News

Article

Patient-Reported Pain Improvement Linked With Remission in Rheumatoid Arthritis

Author(s):

Pain improvement was associated with remission or low disease activity in patients undergoing treatment for rheumatoid arthritis, a study found.

A recent study highlighted an association between pain improvement and remission or low disease activity in patients undergoing treatment for rheumatoid arthritis. The findings were presented at the European Alliance of Associations for Rheumatology (EULAR) 2024 Annual European Congress of Rheumatology.1

Researchers used data from the international RA-BE-REAL study, an ongoing 3-year, observational, prospective study of adults with rheumatoid arthritis beginning treatment with baricitinib or any other biologic or targeted synthetic disease-modifying antirheumatic drugs (DMARDs). In 2-year data from European patients in the RA-BE-REAL study, patients treated with baricitinib discontinued treatment less frequently and a higher proportion experienced low disease activity than those treated with tumor necrosis factor (TNF) inhibitors or drugs with other mechanisms of action.2

In the study presented at EULAR 2024, researchers aimed to identify associations between patient-reported pain and remission or low disease activity at 3 months in a cohort of 673 patients in the RA-BE-REAL study with data on disease activity available.1

“In patients with inadequate response to methotrexate, baricitinib-treated patients with rheumatoid arthritis reported significantly greater and more rapid pain relief than patients treated with adalimumab and placebo,” the authors noted.

In a study presented at EULAR 2024, patient-reported pain was linked with remission or low disease activity at 3 months among patients in the RA-BE-REAL study. | Image credit: Evrymmnt - stock.adobe.com

In a study presented at EULAR 2024, patient-reported pain was linked with remission or low disease activity at 3 months among patients in the RA-BE-REAL study. | Image credit: Evrymmnt - stock.adobe.com

Patients were divided into 3 cohorts: those who started treatment with baricitinib for the first time (cohort A), those who received a TNF inhibitor (cohort B-TNFi), and those who received a treatment with any other mode of action (cohort B-OMA), including other biologic or targeted synthetic DMARDs. Patient-reported pain was measured with the visual analogue scale (VAS; 0-100 mm), and the authors assessed the proportions of patients with 30%, 50%, and 70% or better pain improvements from baseline. They also assessed the proportion of patients reporting pain VAS of 10 mm or less, 20 mm or less, and more than 20 mm. The clinical disease activity index (CDAI) measured disease activity, with remission defined as CDAI of 2.8 or less and low disease activity defined as a CDAI of less than 10.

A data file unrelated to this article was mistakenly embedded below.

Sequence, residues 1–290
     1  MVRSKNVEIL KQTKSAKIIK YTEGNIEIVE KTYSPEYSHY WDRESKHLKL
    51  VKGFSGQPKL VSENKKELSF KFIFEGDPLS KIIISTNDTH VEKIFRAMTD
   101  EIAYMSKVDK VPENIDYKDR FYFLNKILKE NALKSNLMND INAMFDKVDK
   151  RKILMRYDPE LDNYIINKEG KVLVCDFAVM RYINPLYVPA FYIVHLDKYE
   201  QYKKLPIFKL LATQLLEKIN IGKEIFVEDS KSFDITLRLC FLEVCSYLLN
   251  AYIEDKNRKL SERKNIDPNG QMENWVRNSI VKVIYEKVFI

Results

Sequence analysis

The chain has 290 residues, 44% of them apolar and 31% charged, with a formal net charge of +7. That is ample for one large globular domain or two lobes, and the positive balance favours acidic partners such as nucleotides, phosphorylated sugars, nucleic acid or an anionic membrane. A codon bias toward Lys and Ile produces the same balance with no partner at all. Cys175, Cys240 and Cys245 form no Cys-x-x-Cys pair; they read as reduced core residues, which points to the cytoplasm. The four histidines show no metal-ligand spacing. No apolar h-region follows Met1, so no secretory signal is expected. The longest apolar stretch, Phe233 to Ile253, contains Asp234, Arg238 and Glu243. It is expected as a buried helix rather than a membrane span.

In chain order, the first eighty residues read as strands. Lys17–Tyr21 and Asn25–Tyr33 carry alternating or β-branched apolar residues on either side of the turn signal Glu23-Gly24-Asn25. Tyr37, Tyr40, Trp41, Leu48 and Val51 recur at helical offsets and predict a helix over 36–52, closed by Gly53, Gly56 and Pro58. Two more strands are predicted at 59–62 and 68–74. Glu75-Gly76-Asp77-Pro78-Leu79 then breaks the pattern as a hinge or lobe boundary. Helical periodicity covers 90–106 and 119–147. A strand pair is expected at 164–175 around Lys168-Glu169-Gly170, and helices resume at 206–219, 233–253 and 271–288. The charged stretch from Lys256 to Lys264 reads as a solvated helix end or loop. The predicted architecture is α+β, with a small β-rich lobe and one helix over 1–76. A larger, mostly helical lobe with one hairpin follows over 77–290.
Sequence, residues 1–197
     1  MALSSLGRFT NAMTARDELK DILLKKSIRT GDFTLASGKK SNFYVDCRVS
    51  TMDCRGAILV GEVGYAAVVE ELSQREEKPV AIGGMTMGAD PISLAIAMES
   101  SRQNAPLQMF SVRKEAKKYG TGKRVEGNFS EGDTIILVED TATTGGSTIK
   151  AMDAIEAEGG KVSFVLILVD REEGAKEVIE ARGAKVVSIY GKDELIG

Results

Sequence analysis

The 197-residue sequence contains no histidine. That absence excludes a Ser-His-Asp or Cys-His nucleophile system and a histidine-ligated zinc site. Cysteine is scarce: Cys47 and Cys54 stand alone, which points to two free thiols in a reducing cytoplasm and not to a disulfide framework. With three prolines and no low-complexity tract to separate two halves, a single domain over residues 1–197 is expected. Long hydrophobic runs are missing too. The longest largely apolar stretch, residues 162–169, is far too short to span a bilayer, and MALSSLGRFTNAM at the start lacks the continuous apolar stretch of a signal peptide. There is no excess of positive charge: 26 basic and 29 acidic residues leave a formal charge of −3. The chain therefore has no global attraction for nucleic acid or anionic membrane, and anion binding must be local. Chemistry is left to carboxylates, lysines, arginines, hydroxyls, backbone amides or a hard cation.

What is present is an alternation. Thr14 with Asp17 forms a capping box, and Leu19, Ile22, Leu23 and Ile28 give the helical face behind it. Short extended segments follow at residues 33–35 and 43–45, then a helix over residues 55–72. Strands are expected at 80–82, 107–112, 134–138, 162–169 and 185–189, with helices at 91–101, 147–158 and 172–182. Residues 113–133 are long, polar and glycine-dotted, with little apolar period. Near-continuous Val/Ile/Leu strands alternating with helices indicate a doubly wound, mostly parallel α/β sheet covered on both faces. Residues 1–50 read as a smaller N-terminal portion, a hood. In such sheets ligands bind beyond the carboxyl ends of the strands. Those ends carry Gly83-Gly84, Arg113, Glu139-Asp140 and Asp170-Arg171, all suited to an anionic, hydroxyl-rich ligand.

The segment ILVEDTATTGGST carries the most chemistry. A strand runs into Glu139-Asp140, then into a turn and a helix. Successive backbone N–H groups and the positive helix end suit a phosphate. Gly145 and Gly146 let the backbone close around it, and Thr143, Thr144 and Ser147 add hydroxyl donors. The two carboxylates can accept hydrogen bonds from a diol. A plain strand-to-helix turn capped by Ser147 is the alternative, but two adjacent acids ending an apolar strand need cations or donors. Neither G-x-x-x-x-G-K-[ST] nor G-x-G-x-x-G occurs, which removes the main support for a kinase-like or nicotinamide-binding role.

Across the cohorts, 84% to 97% of patients reported at least moderate pain, or a VAS greater than 20 mm, at baseline. Those in cohort B-TNFi were more often naïve to other biologic or targeted synthetic DMARDs. A higher proportion of patients receiving baricitinib experienced improvement across pain measurements compared with cohort B-OMA, and a higher proportion of baricitinib-treated patients experienced pain improvements of 50% or 70% or greater compared with cohort B-TNFi.

Overall, 81%, 79%, and 71% of patients in cohort A, cohort B-TNFi, and cohort B-OMA, respectively, experienced pain improvement of at least 30% at 3 months. Additionally, 67%, 62%, and 57% of patients in cohort A, cohort B-TNFi, and cohort B-OMA, respectively, reported pain improvement of 50% or greater; 46%, 40%, and 41%, respectively, reported pain improvement of 70% or greater at 3 months.

Notably, pain VAS from baseline to 3 months improved among patients who experienced remission or low disease activity across the cohorts, with a higher mean change from baseline among those in cohort A (–32.6 mm) vs cohort B-TNFi (–27.3 mm) and cohort B-OMA (–28 mm).

“The analyses highlight the association between achievement of pain improvement and that of remission or low disease activity,” the authors concluded. “Patients treated with baricitinib besides having longer disease duration and higher number of previous [biologic or targeted synthetic] DMARDs are more likely to achieve pain control than patients receiving TNFi/OMA. Almost half the patients who achieved remission/low disease activity and who had baricitinib treatment achieved ≥70% pain relief.”

References

1. Taylor P, Fakhouri W, Ogwu S, et al. Association between patient-reported pain and achieving remission or low disease activity at 3 months in patients with rheumatoid arthritis from the RA-BE-REAL study. Poster presented at: EULAR 2024 Congress; June 12-15, 2024; Vienna, Austria. Poster OP0086.

2. Alten R, Burmester GR, Matucci-Cerinic M, et al. Comparative effectiveness, time to discontinuation, and patient-reported outcomes with baricitinib in rheumatoid arthritis: 2-Year data from the multinational, prospective observational RA-BE-REAL study in European patients. Rheumatol Ther. 2023;10(6):1575-1595. doi:10.1007/s40744-023-00597-3

Related Videos
Rebecca Flynn, Peter Lio, Timothy Caulfield, and Nichole Halliburton at SPD 2024
timothy caulfield, JD
Nichole Halliburton, APRN, CNP
Kelly Harris, APRN
dr ibrahim aldoss
Peter Lio, MD
Jennifer Miller, MD,
Rachel Dalthorp, MD
Timothy Caulfield, JD
Interview with Joseph Mikhael, MD, MEd, FRCPC, FACP
Related Content
CH LogoCenter for Biosimilars Logo